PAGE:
On July 19, 2012, I interviewed Bob Stoll, former Commissioner for Patents of the United States Patent and Trademark Office. The interview took place in a conference room at Drinker Biddle on K Street in Washington, D.C. After 29 years working for the USPTO and a total of 34 years working for the government, Stoll retired on December 31, 2011. He then started his new, second career as a private citizen and all-around patent specialist at Drinker Biddle in the firm’s Intellectual Property Group.
In his 29 years with the USPTO, Bob Stoll held several leadership posts, including training foreign officials on all aspects of intellectual property (IP), overseeing the Office of Enforcement, and directing federal legislative priorities for the Agency. In his tenure as Commissioner for Patents, Stoll was in charge of implementing initiatives to improve the speed and quality of the patent review process, was instrumental in reducing the patent application backlog, and undertook an initiative to clean out the oldest cases on the USPTO docket.
During our interview series, titled Patents, Politics and Life on K Street, published in total at IPWatchdog.com — see part 1, part 2 and part 3 — we talked about a number of different issues, ranging from the Supreme Court, to the Federal Circuit, to how to make patent prosecution better, to Presidential politics. Below are the highlights.
On the Federal Circuit need for Judges:
“I think that the number of CAFC cases are growing and I think with these new post-grant and inter-parties review procedures, they’re gonna grow even more and I think the CAFC is gonna need significant help and a pump up in resources in order to handle that increase.”
On who might be in line for an appointment to the CAFC: “Todd Dickinson [Ed. note: former Under Secretary of Commerce for Intellectual Property and Director of the United States Patent and Trademark Office (USPTO); current Executive Director of the American Intellectual Property Law Association (AIPLA)] is one name that I keep hearing…. I think he’s got a strong background in intellectual property. He’d be a good selection. He is the one I’m hearing the most about.”
On USPTO Resources and the Supreme Court:
“I actually think some of the interest in having the Supreme Court engage in so many of these patent cases, which they’ve never done to this extent before…the media being filled with patent issues… all flow from the fact that the examination and the filing have not been exactly what they should have been. I think that there’s a concern with the quality of some of these patents out there in how they’re being used and I think if we had better quality patents the system would work better. I highly respect the examiners and the management at the Patent and Trademark Office; they are doing the best that they can with the resources and the backlog they’ve got and I understand the attorneys are trying to put these cases competitively into the queue and into economy — as quickly and as economically as they can to make their money. I just think the system should be improved so that both are given a little bit more time to be able to do a better job in prosecuting the applications.”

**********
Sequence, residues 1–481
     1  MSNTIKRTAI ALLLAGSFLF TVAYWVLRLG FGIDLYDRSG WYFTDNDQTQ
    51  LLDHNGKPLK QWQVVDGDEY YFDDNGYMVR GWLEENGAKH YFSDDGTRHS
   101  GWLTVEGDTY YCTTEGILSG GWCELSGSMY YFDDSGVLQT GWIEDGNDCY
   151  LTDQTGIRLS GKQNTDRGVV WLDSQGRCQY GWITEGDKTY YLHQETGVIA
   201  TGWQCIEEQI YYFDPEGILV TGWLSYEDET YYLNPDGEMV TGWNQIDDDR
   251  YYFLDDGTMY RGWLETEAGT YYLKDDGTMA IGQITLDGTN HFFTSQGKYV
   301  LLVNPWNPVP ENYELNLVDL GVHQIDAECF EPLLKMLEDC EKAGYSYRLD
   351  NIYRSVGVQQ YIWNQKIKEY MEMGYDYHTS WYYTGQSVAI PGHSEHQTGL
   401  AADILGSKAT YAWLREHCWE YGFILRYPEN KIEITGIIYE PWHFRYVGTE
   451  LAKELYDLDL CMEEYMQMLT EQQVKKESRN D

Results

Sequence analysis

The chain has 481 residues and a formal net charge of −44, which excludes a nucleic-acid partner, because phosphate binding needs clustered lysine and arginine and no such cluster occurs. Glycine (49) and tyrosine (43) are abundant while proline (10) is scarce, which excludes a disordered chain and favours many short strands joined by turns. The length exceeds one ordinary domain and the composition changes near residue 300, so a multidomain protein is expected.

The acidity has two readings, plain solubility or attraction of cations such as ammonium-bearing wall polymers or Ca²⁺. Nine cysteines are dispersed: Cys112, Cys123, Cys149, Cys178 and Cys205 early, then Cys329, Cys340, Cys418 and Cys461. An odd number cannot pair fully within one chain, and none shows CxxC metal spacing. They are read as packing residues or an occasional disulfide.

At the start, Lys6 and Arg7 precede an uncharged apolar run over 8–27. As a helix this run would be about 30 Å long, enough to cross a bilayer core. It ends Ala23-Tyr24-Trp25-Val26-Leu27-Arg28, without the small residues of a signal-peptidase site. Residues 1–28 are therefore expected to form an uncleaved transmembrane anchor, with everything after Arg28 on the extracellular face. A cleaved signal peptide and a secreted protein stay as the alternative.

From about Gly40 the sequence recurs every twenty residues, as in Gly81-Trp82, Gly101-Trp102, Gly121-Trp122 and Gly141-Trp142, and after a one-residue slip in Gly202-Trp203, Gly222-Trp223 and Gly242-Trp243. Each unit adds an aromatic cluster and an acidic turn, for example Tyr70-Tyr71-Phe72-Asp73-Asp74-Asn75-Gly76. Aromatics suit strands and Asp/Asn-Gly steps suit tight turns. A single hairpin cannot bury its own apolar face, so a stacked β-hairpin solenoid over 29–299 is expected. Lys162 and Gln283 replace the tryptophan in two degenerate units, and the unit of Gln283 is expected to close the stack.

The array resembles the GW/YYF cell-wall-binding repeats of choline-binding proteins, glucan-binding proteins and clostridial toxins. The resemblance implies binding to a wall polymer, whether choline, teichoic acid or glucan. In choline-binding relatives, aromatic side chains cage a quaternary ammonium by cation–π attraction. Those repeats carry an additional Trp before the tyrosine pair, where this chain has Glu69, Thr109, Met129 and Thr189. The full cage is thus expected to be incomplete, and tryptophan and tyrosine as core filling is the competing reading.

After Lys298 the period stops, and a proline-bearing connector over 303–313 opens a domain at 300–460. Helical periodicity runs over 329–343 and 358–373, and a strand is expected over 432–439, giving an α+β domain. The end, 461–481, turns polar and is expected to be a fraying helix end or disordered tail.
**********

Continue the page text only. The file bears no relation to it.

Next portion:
On Therasense and Inequitable Conduct:
“I thought Therasense kind of put an end to inequitable conduct. I thought that was a very stringent test…”but for”…and the single most reasonable inference is that the attorney or the inventor intended to deceive the Patent and Trademark Office, those are pretty tight… And I have not looked at statistics recently to see if there has been a significant reduction but I have been talked to by several firms about being involved in those types of cases — I have a lot of people asking me to expert for them and I am reviewing each of the cases individually and I am on both sides. I represent folks on both sides of the issue. Sometimes defending the patent, sometimes not, based on the facts as I see it, and the facts as I see it either meet that Therasense standard or don’t and some of them do meet the Therasense standard and some of them don’t, and I evaluate it based upon what documents I have in front of me, and I thought it would all go away and it hasn’t.”
On pro hac vice practice at the USPTO:
“I think that there will be a limited pro hoc appearance for someone who is not registered at the Patent Office.. I think that’s the right decision and let me explain. Post Grant and Inter Partes review procedures are going to be extremely intense. There’s going to be a one-year period basically from the institution to the conclusion with an exception, under unusual circumstances, for an additional six months. That is really moving fast. I think you’ve got to have people who are doing this on a regular basis, understand the situation, have some obligation to the Patent Office, meaning there is a mechanism for the Patent Office handling practitioners, which is only through the registration practice, if there’s a problem, and I actually think the way for litigators to engage in these types of procedures is to pair up with registered practitioners because I think just as most of the litigators won’t have the familiarity with the patent prosecution and the ability to handle those actions in inter-parties review and post-grant review, a lot of the practitioners have no capabilities with respect to discovery techniques and what has to happen there. So I think teaming these folks together is probably the best way of working through the system and getting things done within that one-year period.”
Written by Gene Quinn of IPWatchdog.com